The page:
[S.I.S.I.S. note: The following mainstream news articles may contain biased or distorted information and may be missing pertinent facts and/or context. They are provided for reference only.]
VANCOUVER, British Columbia (AP) - British Columbia does not have exclusive control over its forests as long as its aboriginal land claims remain unresolved, a provincial court has ruled.
Monday's ruling by the provincial appeals court was the second this month to strengthen claims of Canada's natives to forest resources. A New Brunswick court ruled last week that natives have a right to cut trees on public land with no restrictions.
Forestry is the largest industry in New Brunswick and British Columbia. Both provincial governments have assumed sole ownership of public lands and parceled out large forest tracts for logging to multinational companies.
Monday's ruling overturned a lower court decision that had allowed the British Columbia government to give MacMillan Bloedel Ltd. exclusive rights over forests on the Queen Charlotte Islands and part of Vancouver Island, despite outstanding land claims from the Haida Indians.
Bill Macpherson, a spokesman for British Columbia's Ministry of Forests, said the decision will enable the Haida to proceed to trial and argue for the establishment of their title to the land.
But he said the court decision does not specifically quash the province's system of logging permits.
The decision, if applicable to all licenses given out by the government, would affect about 25 percent of the province's forests.
"To us, this puts things back to the way it is supposed to be," said Ron Brown, president of the Haida Nation Council, which represents the 6,000 Haida in British Columbia.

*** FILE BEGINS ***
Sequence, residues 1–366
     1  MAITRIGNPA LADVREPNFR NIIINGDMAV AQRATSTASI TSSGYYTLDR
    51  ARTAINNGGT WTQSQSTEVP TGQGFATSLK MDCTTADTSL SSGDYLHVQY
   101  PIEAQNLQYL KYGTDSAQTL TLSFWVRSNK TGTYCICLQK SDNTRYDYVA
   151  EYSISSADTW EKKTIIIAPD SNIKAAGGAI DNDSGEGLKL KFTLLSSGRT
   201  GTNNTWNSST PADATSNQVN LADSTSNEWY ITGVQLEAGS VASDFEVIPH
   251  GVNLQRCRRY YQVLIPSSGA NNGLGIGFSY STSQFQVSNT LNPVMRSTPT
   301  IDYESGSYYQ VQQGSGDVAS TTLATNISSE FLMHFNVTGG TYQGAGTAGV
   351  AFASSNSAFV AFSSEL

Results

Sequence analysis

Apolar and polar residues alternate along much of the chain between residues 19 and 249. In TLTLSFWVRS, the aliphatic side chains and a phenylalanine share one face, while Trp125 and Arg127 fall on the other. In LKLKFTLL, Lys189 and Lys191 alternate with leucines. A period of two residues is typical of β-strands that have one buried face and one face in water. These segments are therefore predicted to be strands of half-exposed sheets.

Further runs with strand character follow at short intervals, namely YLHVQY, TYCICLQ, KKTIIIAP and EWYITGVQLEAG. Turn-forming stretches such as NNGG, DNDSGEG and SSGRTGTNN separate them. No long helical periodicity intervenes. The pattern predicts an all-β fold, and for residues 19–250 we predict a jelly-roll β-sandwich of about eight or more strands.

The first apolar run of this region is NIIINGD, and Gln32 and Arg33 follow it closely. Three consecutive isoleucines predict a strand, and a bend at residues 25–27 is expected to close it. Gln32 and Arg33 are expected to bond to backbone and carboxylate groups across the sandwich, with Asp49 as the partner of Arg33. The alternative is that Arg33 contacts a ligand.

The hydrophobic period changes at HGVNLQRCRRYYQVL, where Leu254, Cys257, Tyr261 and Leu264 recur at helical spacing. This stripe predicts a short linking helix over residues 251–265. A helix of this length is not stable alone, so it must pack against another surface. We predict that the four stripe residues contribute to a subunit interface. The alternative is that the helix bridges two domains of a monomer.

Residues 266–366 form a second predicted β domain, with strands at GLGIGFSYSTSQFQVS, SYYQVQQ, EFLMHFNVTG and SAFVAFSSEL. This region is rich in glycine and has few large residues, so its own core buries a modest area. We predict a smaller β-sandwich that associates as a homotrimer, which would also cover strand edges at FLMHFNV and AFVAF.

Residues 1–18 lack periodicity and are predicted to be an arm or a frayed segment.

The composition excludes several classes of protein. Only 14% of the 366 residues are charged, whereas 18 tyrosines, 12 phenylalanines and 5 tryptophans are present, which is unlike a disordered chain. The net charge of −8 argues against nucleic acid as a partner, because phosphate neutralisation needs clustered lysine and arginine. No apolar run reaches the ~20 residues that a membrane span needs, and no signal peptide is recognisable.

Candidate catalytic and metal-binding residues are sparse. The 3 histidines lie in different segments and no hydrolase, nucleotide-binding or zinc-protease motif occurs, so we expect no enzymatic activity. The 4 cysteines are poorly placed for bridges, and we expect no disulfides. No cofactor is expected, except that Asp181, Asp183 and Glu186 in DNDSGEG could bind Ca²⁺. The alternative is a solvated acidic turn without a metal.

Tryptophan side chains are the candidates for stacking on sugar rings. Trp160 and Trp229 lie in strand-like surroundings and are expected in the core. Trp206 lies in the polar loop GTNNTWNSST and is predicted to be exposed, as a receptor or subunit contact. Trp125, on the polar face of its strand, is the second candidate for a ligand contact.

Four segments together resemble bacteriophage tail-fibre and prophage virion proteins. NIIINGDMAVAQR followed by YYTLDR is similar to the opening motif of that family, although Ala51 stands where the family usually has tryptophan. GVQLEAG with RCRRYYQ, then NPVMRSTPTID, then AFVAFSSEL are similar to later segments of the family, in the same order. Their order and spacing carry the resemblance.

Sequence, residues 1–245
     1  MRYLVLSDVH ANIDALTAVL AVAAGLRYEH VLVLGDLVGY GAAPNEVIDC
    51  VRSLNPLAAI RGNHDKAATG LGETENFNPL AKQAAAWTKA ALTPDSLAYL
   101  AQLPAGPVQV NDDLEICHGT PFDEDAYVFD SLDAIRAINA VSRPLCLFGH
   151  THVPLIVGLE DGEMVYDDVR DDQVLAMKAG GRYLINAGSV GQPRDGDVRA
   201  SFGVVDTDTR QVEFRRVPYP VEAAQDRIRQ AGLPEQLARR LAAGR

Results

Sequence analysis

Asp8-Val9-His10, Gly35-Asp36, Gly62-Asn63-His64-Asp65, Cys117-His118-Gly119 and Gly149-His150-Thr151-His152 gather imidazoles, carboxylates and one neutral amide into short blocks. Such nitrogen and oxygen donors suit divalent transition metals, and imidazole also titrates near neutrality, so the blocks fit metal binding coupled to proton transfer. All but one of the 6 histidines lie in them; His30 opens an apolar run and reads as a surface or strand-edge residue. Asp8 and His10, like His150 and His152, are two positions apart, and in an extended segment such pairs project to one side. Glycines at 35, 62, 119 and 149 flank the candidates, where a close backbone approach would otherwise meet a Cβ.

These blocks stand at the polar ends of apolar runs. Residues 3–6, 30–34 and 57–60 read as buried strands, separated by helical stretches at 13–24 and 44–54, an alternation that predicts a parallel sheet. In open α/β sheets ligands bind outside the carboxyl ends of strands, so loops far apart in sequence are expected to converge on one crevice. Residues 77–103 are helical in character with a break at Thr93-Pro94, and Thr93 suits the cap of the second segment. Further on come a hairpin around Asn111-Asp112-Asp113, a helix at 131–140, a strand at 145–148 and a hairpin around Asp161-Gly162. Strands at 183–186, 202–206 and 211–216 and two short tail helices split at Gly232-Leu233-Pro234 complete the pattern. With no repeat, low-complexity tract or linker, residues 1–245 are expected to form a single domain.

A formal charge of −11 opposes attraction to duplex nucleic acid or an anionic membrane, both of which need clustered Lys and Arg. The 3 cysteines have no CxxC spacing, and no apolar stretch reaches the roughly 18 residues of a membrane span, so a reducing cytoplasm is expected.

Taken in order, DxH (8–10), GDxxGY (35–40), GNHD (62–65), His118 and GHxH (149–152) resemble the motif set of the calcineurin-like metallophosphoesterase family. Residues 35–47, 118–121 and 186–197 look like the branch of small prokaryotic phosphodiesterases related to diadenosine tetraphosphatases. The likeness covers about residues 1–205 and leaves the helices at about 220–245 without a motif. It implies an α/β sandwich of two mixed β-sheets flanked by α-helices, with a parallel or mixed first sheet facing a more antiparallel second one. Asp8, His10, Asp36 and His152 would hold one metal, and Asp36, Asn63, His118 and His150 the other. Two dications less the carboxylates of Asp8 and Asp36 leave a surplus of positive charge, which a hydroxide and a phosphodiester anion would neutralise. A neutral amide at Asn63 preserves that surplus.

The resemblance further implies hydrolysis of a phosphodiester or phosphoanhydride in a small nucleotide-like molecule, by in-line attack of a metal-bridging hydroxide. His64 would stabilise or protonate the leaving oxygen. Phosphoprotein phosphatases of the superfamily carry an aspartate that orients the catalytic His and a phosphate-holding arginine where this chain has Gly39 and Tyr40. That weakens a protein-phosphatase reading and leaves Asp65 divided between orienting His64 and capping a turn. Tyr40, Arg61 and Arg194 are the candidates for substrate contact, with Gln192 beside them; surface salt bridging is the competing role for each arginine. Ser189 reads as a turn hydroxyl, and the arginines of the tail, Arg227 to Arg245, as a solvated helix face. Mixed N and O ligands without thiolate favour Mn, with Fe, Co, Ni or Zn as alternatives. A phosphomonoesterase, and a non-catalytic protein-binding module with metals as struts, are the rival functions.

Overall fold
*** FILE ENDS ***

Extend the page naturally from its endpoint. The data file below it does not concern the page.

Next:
Wednesday, November 12, 1997
The B.C. Court of Appeal's ruling that the Haida Indians may have a legal right to trees on a MacMillan Bloedel tree farm licence threatens the value of all tree farm licences in the province, some analysts said Monday.
The court ruling, overturning a lower court decision, could put the aboriginal claim to trees on a par with their rights to salmon, where their claims come before everything but conservation, said forest economist Peter Pearse.
"The effect on the forest industry will be to add a further element of uncertainty about the security of timber rights," Pearse said. "It qualifies the rights of the licensees to all of the timber."
But Forests Minister David Zirnhelt said that since the court didn't quash the contract between the government and MacMillan Bloedel renewing the tree farm licence on the Queen Charlotte Islands, there's been no actual change.
"We say there is no change in the status and operation of tree farm licences, so it will be business as usual until a further court decision is made on the Haida claim for aboriginal rights," he said."
"The important thing is my phone is not ringing off the hook with people in the industry panicking."
One quarter of all timber harvested from Crown land comes from tree farm licences.